By Alexander Hay
Anxiously we have waited, fingers crossed as the total finally reaches the magic mark… nails chewed, coffee drunk – all the while, waiting. And then, the moment of final apotheosis, the ascension we have waited so long for…
Yes, dear friends, we now have 1000 Twitter followers.
As regular readers will know, we’ve already looked at why you shouldn’t be sceptical about Twitter, how to get followers, and the joy of hashtags. Yet as we hit the magic 1k, a big question remains unanswered: how did we do it?
1. Post regularly and be interesting
As our followers will know, the Institute updates its site blog and content several times a week. This means more tweets and so more reasons to come to the site. People are more likely to follow you and click on the links in your tweets if you keep giving them something to read in the first place. One sure way to lose followers is to have a dead Twitter feed.
We don't just post about our content, we also link to interesting content from around the world, ask questions of our users and hold conversations about topical subjects.
2. Knowing what we wanted to do
Since its inception, the Institute’s Twitter feed has had two clear goals – bringing more users to our site (and so helping to get our message out to the research community) and making as many contacts as possible. This has let us focus on what and how we tweet and who we follow for best effect. Once you know your aim, your target audience will become immediately clear.
3. We started following and kept following
Once you know who you are aiming at, start finding them. This is described in our top tips on how to find followers. Put simply, find people who will be interested in following you, sign them up and then pour through their ‘Follower’ and ‘Following’ lists to find other people who are share your interests. And repeat.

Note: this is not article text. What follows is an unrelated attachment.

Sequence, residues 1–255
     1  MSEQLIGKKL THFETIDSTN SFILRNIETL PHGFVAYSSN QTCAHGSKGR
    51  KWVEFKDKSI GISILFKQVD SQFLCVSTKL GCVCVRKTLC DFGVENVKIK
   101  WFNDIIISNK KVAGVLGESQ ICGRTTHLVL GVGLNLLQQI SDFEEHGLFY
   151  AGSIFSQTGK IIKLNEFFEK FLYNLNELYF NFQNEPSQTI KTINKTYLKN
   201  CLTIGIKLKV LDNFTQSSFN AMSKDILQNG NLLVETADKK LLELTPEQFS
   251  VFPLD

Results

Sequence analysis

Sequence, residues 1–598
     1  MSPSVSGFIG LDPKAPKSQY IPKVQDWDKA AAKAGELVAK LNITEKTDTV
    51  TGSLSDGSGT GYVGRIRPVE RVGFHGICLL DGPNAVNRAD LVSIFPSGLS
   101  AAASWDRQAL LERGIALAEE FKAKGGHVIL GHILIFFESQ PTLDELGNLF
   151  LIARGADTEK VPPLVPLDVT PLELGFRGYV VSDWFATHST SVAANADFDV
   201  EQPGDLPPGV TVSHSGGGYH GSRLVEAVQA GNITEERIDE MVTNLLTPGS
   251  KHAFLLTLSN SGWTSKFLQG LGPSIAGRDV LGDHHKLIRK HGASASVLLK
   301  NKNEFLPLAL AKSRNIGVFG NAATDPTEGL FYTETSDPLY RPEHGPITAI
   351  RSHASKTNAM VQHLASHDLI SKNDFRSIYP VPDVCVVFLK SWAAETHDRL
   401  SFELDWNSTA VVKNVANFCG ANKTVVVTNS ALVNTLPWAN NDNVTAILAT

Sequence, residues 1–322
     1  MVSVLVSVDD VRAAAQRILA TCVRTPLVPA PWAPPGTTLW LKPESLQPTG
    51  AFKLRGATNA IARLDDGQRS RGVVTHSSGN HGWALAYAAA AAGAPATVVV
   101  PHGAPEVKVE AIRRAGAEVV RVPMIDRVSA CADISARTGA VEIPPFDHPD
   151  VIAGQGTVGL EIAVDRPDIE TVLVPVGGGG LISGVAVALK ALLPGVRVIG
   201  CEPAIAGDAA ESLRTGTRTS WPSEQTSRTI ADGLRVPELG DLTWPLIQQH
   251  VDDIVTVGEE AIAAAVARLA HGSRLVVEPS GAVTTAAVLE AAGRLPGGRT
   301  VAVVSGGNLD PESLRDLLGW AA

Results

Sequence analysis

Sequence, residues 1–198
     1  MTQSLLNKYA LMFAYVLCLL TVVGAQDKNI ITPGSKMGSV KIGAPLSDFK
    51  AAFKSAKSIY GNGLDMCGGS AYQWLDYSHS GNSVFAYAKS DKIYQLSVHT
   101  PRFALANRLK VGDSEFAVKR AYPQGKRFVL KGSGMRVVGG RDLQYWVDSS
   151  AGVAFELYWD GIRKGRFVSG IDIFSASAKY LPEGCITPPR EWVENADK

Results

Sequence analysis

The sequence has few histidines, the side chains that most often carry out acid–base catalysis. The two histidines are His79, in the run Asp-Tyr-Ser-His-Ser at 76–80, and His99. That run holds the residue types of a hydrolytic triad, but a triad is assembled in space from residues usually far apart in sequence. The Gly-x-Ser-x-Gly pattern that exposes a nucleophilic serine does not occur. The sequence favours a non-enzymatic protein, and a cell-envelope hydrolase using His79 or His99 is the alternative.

Not all the people you follow will follow back, for one reason or another. Meanwhile, there are plenty of people you could follow instead who might be more forthcoming. At first, your Twitter account is limited to 2001 followers, so what do you do if you’ve maxed out? You go on a purge.
Go through your following list. I suggest doing this manually, because it lets you spot things you might have missed. It also means that you will start to view your followers as people - rather than just a list - and then reflect their interests in your own tweeting behaviour. It will also reveal a great deal about who is most likely to pay attention to your work (and end up following you).
The sure-fire way of detecting people who aren’t following you is to scroll down your Following list and click on the interact button which will bring up a drop-down menu of options. If you can Send a Direct Message, you know they’re following you. If not, it's time ask to yourself whether you should stop following them so that you can follow someone else.
If they are following you, it will look like this:
However, if they’re not following you, it will look like this:
One caveat, however. If you sign up to follow large numbers of people at once, you may have to wait a while before removing them. Twitter users are often very busy and may take their time to get around to following you. On the other hand, if you’ve waited three months or so and they haven’t returned the favour, it’s time to get purging.
4. We’re going to keep at it
Now the Institute has 1000 followers, the next step will be to get more. The next goal is 1819 followers, at which point Twitter will let us follow more than 2001 people. (To be precise, it will let us follow our number of followers plus an extra 10%.) More followers mean even more page impressions for our site, and more people finding out about our work and the importance of software sustainability. So how are we going to do that? Stay tuned for our next Twitter article to find out.